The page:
Beyond the trees

Trees are in the news, mostly for the wrong reasons. Some of them are being chopped, others are being uprooted and transplanted from areas impacted by road infrastructure projects to elsewhere, generally close by.

At this stage of these projects’ development, their impact on trees along our roads are the most visible outcome. There are various other outcomes that will only become clear in due course.

The symbolic value of trees is powerful. They are the most obvious choice for environmental activists when these need a medium to convey clearly understood messages about what is happening to our environment.

While their symbolic value is spearheading the criticism directed at the road development programme, trees have also inherent value as part of an eco-system that is continuously under siege.

The road development projects currently under way symbolise what is wrong with our planners – they work against nature, continuously failing to factor eco-sensitivity into their plans.

The issue at hand is clearly traffic congestion and the current exercise regarding infrastructure is trying to address this to facilitate mobility. However, in addressing traffic congestion, the main problem is that the authorities are approaching the issue in the wrong manner.

Their approach is based in the short-term and, consequently, the problem is never solved. It is merely postponed to some later date to be picked up again years down the line by future generations. This has been shown to be the case time and again everywhere, and clearly crops up in all major studies on transport planning and management.

Ian Borg, the Minister of Transport, is not the cause of traffic congestion. He has inherited it from his predecessors who failed to act properly on their watch.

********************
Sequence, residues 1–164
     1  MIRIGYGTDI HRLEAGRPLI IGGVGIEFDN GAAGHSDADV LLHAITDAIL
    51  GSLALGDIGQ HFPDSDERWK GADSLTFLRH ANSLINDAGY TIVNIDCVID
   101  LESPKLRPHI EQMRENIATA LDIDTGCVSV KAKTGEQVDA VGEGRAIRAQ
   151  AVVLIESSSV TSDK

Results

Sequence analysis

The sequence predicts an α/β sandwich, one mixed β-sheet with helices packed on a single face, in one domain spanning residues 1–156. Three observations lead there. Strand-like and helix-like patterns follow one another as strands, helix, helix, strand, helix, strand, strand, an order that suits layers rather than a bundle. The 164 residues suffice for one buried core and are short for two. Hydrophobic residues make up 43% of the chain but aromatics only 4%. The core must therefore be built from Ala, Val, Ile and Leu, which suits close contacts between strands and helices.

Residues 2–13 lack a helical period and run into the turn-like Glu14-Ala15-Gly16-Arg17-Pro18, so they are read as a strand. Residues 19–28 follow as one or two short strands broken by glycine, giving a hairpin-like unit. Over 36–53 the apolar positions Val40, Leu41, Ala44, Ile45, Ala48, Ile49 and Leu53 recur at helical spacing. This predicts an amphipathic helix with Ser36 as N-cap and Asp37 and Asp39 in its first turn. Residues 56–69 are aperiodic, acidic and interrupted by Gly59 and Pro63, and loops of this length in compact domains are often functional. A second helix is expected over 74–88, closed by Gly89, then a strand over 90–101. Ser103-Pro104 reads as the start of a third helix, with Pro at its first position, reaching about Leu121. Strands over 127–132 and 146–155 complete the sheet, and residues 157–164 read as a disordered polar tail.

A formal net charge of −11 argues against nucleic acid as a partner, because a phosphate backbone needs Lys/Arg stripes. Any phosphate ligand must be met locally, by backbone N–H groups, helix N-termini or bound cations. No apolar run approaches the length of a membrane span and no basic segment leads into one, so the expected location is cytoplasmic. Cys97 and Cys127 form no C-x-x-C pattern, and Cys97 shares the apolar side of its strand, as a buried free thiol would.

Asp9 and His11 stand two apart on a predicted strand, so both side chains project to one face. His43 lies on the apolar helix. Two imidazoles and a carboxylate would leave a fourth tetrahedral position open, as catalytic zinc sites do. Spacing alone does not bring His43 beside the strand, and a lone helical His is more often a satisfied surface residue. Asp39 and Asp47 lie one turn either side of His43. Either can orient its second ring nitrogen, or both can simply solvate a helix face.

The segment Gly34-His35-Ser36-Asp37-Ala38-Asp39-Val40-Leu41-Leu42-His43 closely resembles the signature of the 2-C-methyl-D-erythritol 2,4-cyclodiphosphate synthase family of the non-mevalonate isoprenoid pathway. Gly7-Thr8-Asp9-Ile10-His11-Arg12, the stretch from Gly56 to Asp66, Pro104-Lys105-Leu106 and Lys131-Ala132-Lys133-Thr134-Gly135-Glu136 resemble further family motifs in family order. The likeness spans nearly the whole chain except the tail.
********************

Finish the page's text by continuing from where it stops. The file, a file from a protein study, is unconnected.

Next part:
Unfortunately, he is following in their footsteps. Borg too will pass the buck to his successor – more roads, more traffic, more bottlenecks, more traffic congestion.

Borg is ignoring the advice that is clearly spelt out in the Transport Master Plan 2015, which clearly identifies car use and ownership as the perennially unaddressed issue.

It would be pertinent to point out the following extract from section 2.2.1 of the Transport Master Plan, saying that: “historically, it can be seen from experience that the approach to transport planning and policy in Malta has generally been more short-term (4-5 years) in nature. The lack of importance given to long-term planning means that a long-term integrated plan based on solid analysis with clear objectives and targets is lacking.”

The section goes on to say: “This has resulted in the lack of strategic direction and the inherent inability to address difficult issues such as private vehicle restraint. There is a strong reluctance for Maltese society to change but this is in contrast with the need for communal action to address the traffic problems existing now and in the future. This results in the Maltese traveller expecting that everyone else will change their travel habits so that they can continue to drive their car.”

The real issue is that our society is car dependent. This is reflected not only in all we do but also in the manner we go about doing it.

Unfortunately, governments are only interested in short-term solutions as they will generally not be around for much longer than that. So, they do not bother with implementing a long-term vision.

We need to change tack and focus our energy on the long-term solutions. It this case, it means that we can only solve traffic congestion by shifting from a focus on road capacity to one addressing car dependency. This signifies that we no longer merely act on the effects but that, instead, we start focusing on the real cause of our problem: changing our behaviour by reducing our car dependency.

I agree that this is easier said than done. But it is also fair and realistic to state that further procrastination will only add to our problems. The present state of affairs is precisely the direct consequence of a failure to act over a number of years, spurred by a policy and planning failure that has consistently opted for the short-term stop-gap solutions instead of the long-term ones.

 

Published in The Times of Malta: 9 August 2019